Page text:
Ok, maybe not.
The tremor measuring 3.8 on the Richter Scale was felt by residents in Leicestershire, Rutland and Lincolnshire at approximately 10:25pm.
Rutland earthquake damage assessed. We will rebuild .... pic.twitter.com/KanBXB7vKl— Geography Dept (@SS_Geography) January 28, 2015
The epicentre was near the East Midlands village of Cottesmore, where residents woke up to mock the low impact.
This follows a 2.9 magnitude shake in Winchester on Tuesday, which was felt as far away as Bournemouth.
British Geological Survey (BGS) seismologist Paul Denton, who lives in Oakham, a few miles from the epicentre, said he heard and felt an almost instantaneous "bang and a sharp jolt", but said those farther away would have witnessed shaking and vibrations.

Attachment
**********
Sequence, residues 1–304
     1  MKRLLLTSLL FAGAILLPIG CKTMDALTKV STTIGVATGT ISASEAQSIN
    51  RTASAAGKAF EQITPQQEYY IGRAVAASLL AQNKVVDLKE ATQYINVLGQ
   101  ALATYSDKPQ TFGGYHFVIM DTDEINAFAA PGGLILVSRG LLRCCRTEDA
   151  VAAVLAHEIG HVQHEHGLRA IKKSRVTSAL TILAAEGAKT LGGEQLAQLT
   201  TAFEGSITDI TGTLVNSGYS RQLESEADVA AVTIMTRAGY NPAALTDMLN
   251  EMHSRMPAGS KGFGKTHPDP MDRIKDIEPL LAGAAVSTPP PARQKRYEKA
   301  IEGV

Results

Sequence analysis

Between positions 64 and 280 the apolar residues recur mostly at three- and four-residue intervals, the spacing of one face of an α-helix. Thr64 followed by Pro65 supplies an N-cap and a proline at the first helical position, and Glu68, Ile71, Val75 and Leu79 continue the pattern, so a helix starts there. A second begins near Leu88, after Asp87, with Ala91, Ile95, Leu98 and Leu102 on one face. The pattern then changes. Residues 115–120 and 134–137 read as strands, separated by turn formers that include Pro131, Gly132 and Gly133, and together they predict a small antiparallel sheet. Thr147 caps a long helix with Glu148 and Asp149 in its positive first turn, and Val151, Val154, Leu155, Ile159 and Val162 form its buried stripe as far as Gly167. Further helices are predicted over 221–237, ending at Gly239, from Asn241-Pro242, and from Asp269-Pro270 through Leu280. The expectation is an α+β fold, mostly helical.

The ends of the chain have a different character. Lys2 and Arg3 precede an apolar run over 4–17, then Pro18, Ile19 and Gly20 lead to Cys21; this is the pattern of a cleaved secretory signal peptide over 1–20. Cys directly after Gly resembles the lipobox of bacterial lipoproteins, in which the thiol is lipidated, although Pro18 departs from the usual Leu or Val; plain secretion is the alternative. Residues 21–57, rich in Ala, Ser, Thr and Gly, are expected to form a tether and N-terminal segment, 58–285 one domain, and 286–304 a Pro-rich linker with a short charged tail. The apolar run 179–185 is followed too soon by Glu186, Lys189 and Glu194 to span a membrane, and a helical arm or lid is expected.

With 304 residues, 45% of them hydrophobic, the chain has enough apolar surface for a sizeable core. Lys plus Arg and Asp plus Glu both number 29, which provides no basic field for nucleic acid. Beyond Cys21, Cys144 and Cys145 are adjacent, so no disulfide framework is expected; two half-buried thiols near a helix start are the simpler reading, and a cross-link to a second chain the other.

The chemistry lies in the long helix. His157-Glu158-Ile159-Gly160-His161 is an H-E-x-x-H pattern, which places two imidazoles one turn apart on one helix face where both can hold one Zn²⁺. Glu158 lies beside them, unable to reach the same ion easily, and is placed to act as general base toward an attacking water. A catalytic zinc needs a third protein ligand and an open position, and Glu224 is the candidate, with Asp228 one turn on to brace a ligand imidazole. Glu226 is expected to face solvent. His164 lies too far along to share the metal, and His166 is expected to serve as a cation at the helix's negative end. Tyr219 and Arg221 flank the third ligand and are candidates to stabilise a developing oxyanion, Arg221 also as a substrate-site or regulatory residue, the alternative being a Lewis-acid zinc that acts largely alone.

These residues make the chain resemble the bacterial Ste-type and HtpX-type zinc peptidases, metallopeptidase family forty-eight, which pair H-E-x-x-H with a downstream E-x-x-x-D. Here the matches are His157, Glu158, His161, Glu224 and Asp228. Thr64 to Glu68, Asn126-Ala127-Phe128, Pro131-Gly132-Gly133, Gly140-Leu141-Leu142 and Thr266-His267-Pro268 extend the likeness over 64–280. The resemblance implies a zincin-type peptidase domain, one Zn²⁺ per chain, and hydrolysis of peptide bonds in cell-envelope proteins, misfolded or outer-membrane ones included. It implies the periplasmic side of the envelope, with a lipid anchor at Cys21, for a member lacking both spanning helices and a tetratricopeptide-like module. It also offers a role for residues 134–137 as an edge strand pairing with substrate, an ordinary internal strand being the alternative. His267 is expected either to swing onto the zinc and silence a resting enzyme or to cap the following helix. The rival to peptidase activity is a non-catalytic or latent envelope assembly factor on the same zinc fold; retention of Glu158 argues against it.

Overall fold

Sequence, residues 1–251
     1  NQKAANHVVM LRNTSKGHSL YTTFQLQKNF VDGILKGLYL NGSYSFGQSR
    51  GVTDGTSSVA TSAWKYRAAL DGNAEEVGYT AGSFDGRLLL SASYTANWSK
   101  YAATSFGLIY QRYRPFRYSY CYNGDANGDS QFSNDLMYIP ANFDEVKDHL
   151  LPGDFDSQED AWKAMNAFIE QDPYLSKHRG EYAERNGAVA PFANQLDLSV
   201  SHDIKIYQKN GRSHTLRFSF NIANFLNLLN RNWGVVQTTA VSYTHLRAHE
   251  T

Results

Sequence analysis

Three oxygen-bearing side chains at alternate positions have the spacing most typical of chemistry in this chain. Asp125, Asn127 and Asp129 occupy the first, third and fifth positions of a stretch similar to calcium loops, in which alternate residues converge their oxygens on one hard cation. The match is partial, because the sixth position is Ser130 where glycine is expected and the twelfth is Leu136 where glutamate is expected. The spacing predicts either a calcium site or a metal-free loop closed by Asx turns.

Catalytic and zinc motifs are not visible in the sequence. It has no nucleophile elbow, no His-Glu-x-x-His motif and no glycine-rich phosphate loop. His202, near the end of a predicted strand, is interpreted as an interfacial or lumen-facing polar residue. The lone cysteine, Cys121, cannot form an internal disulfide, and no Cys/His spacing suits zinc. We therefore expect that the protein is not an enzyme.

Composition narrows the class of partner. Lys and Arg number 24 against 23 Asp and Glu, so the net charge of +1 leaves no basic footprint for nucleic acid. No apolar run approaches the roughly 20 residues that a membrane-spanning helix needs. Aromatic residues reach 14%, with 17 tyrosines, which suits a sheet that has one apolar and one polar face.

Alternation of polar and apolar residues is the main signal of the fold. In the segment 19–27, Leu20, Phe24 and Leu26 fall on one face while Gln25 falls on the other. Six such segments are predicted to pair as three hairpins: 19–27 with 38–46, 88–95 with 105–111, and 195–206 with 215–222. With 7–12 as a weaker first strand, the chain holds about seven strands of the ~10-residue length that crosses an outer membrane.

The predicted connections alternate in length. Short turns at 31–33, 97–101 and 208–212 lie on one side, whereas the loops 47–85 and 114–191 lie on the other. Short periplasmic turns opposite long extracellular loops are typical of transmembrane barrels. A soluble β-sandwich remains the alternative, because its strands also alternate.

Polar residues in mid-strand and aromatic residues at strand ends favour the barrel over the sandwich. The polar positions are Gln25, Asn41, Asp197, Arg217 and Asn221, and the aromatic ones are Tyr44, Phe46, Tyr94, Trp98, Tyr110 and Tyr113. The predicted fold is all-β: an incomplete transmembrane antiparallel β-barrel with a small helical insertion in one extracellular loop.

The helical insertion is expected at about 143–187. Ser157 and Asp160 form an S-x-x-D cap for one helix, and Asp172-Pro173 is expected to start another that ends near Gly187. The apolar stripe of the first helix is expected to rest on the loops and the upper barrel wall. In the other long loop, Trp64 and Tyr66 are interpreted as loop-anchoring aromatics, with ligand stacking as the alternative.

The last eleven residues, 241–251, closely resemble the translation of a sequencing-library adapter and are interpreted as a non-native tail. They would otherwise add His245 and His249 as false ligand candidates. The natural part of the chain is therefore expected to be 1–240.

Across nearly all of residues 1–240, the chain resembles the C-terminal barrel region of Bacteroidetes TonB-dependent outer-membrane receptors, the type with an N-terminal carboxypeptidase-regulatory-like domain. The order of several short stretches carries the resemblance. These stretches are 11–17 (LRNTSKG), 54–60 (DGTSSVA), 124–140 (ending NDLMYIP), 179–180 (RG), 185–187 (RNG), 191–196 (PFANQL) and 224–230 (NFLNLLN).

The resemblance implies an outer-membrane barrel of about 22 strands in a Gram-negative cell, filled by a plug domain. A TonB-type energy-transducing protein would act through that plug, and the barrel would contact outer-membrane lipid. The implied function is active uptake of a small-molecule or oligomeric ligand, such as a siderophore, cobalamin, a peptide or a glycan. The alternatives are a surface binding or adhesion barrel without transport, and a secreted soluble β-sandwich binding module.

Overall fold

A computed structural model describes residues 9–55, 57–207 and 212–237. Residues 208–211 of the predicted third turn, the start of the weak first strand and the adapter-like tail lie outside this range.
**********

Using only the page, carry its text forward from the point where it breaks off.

The 'devastation' has been well chronicled on Twitter, with people across the East Midlands posting pictures of the aftermath:
East Midlands Ambulance Service said it had not received any calls of injuries linked to the tremors.
A police spokesman said that no explanation or cause for the shaking could be found and no injuries had been reported.
The largest ever recorded earthquake to hit Britain was Dogger Bank in the North Sea in 1931, which hit 6.1 on the Richter scale, damaging coastal homes.
More recently in 2008, a 5.2-magnitude quake hit Lincolnshire near the town of Market Rasen.Suggest a correction